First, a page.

By Jean Dunbabin
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Additional info for Captivity and Imprisonment in Medieval Europe, C. 1000-C. 1300
Over time, castles evolved from simple wooden towers on mottes surrounded by earthworks topped by palisades, to early twelfth-century stone donjons with baileys surrounded by earthworks, and then in the later twelfth and thirteenth centuries into large-scale stone residences with massive stone curtain walls. Across the same period, the quality of the stone work improved markedly, increasing the impression of permanence. As castles grew more expensive to build, so in general they declined in number.
Instead he became the fortunate recipient of the saint’s intervention. In this case, the victim was intended to be kept where he was put. But neck collars could also be used in moving prisoners, taking them to jail or elsewhere. 3 The offenders will in any case have been secured in some way that forced them to keep moving along with the soldiers. Neck collars could also be used in confined spaces. 4 In this case, as with the serf of Noblat, the victim’s fear of choking or suffocating was dwelt upon by the narrator.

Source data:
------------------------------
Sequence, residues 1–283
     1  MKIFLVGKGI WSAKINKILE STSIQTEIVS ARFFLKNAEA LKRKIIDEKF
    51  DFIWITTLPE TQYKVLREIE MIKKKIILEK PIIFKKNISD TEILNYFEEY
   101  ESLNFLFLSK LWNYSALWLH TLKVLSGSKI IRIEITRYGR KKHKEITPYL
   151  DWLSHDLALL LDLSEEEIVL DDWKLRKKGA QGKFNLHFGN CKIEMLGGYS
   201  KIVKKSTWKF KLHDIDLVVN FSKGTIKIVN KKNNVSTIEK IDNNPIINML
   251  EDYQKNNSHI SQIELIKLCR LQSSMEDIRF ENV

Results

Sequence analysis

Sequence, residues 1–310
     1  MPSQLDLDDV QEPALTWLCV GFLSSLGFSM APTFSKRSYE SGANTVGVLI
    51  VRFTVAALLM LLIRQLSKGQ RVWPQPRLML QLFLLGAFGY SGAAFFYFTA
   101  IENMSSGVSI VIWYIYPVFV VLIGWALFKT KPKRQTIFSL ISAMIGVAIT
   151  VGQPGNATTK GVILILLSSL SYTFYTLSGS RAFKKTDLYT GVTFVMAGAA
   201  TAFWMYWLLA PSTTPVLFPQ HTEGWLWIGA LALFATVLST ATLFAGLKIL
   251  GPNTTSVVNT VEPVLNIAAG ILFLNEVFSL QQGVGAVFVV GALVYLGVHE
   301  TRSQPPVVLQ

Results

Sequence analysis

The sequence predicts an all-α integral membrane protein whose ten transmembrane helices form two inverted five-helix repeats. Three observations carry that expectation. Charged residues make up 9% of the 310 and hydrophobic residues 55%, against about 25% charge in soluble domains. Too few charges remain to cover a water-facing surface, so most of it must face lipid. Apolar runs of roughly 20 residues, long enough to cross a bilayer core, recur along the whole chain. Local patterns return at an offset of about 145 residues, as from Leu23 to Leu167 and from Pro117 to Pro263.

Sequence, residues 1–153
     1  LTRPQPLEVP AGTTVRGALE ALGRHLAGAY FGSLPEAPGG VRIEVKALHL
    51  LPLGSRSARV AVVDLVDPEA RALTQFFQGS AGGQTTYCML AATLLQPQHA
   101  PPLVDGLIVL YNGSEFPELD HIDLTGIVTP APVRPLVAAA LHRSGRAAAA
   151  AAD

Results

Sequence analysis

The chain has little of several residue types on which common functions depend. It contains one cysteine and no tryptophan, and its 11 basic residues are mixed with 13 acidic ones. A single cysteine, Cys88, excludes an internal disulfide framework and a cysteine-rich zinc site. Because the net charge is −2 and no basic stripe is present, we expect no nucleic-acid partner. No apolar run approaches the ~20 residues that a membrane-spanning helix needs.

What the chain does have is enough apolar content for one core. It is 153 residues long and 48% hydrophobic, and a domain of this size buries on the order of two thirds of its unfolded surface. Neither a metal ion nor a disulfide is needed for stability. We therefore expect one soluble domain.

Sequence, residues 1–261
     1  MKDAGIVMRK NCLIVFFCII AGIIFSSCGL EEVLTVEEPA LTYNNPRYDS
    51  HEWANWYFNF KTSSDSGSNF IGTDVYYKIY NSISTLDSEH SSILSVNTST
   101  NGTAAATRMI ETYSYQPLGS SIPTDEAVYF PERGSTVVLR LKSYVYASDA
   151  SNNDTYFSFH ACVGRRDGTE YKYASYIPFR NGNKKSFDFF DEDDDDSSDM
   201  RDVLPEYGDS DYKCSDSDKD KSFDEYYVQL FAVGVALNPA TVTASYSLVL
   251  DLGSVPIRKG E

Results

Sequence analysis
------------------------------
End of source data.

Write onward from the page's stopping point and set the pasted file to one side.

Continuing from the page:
Where kings or other great princes dominated towns, royal or princely prisons began to appear in the course of the twelfth century. 46 In some cases the buildings were reasonably flimsy; where there was a large and well-defended castle already in a town, small wooden huts were erected within its courtyard. 47 Here the main defence against escape must have been the high surrounding walls and the large number of guards within. The normal place of incarceration in town castles remained the tower. 50 The English kings came to favour the Tower of London for those who had aroused their hatred.